But the ERA hides a trend — starters have covered fewer innings. A Cardinals starter has pitched at least seven innings 10 times in the first 41 games, tied for the lowest total at this point in the past three decades.
• The Cardinals overcame a lack of home runs last season with an otherworldly .330 average with runners in scoring position. They needed a parade of hits to produce runs and got it. This year, the same band hasn’t found the tune. The Cards’ .240 average with runners in scoring position ranks 19th. Without the extra-base damage they need bunched hits to spark and sustain rallies.
• Shortstop Jhonny Peralta leads the Cardinals’ with eight home runs, twice the total his position produced the past two seasons. But Cardinals cornermen — traditional power plants — have combined for nine home runs. Matt Holliday, Matt Adams, and Allen Craig combined for a .489 slugging percentage the past two seasons.
They’re slugging .385 as a trio so far this season.
The search for more and more consistent offense has led Matheny to use 32 different lineups in the first 41 games and try a variety of approaches depending on the player.
Craig has hit in five spots in the order. Matt Carpenter has been allowed to remain in the leadoff spot to find his swing on the job. Peter Bourjos was out of the lineup after his first slump, while Jon Jay played center through his. Wong was demoted. The Cardinals did that to assure that he would get everyday playing time, but it also became apparent that Matheny was going to play veteran Mark Ellis more often.
As the offensive struggles deepened, Matheny increasingly sought the players who had track records or familiarity over the ones who were young or new.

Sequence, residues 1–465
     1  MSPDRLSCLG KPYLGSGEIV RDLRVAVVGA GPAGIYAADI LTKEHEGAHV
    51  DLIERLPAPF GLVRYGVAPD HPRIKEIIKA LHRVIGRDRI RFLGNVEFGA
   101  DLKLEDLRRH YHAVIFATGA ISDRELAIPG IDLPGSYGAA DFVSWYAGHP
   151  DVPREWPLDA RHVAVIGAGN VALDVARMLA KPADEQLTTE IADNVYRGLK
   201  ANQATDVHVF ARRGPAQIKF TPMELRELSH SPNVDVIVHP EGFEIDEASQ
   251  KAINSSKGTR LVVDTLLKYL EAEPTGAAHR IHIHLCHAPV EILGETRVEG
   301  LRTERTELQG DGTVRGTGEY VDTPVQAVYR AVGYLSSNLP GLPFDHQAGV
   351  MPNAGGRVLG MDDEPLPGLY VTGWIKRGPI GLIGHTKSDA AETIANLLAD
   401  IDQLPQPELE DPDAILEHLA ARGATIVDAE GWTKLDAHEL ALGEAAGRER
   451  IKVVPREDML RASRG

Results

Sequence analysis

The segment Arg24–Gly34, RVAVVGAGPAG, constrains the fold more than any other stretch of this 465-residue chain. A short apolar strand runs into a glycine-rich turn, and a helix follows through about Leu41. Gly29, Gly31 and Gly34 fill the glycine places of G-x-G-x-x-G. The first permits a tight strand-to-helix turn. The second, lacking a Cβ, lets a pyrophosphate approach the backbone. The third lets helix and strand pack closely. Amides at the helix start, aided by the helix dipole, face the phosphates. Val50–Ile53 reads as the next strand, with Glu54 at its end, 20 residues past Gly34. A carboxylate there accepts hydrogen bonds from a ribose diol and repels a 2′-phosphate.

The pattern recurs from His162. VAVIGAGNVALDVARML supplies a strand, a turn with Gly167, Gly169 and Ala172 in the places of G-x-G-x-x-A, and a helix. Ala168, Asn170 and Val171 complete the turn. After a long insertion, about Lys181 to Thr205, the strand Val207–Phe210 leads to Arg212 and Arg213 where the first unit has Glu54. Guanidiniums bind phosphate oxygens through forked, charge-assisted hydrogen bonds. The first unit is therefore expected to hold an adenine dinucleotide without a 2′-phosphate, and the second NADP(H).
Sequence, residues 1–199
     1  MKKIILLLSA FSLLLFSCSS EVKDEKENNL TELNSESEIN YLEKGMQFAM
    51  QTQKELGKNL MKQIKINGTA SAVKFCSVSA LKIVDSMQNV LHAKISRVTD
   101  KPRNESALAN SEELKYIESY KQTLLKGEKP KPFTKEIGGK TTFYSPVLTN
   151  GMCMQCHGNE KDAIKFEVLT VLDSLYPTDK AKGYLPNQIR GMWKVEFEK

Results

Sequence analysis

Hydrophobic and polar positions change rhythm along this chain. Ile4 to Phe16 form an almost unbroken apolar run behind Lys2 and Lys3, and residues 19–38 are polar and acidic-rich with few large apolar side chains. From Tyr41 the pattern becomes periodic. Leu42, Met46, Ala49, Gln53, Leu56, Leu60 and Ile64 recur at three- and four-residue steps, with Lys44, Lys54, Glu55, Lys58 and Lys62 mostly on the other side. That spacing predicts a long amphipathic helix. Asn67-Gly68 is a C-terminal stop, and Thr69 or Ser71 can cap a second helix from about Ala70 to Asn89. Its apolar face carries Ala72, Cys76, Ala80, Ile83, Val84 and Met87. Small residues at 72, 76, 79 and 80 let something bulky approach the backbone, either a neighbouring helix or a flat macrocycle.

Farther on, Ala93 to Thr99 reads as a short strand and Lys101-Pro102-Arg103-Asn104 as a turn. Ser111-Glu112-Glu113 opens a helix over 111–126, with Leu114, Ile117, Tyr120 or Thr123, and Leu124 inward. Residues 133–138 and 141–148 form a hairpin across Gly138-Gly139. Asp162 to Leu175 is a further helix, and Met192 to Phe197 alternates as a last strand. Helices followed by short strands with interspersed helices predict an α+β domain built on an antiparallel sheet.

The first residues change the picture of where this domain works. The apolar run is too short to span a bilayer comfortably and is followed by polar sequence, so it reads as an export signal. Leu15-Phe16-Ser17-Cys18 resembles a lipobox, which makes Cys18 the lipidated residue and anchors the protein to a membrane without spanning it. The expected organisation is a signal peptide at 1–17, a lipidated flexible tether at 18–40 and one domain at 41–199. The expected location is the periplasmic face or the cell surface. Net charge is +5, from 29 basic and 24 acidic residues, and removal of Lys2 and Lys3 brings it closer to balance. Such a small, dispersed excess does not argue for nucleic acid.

“I think every situation and every guy is different,” Matheny said. “We have to be flexible. None of them liked the consequences, except for maybe ‘Carp’ who we just let continue to go. But he wasn’t enjoying the ride.”
Is the team’s record a fair measure whether his moves worked.
“That question is completely loaded,” he said. “Some of what might work later just might not be working now. … I’m not so arrogant to think what I do produces wins. I believe that what I don’t do creates losses.”
He added later: “This is where the buck stops.”
To that end, Matheny and his staff have sifted through the first 41 games for things to improve now and later. He said a favorite question asked is, “Am I missing something here?” Some of the answers have led the staff to rethink how they will approach spring training with individuals, how they will prepare them for a season. The Cardinals have reintroduced some situational-hitting emphasis into batting practice. He has suggested that instead of focusing on personal struggles, reach out to help others.And, most of all, Matheny has said it is up to him and his staff to create a better atmosphere around the team.
He quoted Colin Powell: “Perpetual optimism is a force multiplier.”
“It’s energy. It’s life. It’s being vocal. It’s being – the word that was just used was demonstrative,” Matheny explained. “That is something that we’ve all talked about and we need to hold each other accountable if we don’t see it or we don’t do it. They need to hear it. There are going to be days when guys are going to be flat for whatever reason. We don’t have that option as a staff.”
Matheny stressed that this was not the first stretch of his young career that has been laced with adversity. In his first season at manager (2012), the Cardinals were 22-19 at this point. Last year, on their way to a third consecutive appearance in the National League championship series, they started August in the middle of a 4-13 spiral. They have weathered this same fog before.
“I see this as a fighting club,” he said.
“I feel right now,” Mozeliak said, “it’s a pressing club.”
Whatever the Cardinals are, they still have time to show it or prove differently.
As in competitive chess, there is a clock.
And it is counting down with every move.
“I can’t imagine us doing nothing all season and just saying this is our strategy – that you’re going to regress to your mean or rise up to your mean,” Mozeliak said. “The month of July is an opportunity to change the look of your club if you have to. I think the clock’s ticking. It’s not a panic mode or reactionary place. (But) I think people have to be aware this is not acceptable baseball at this point.”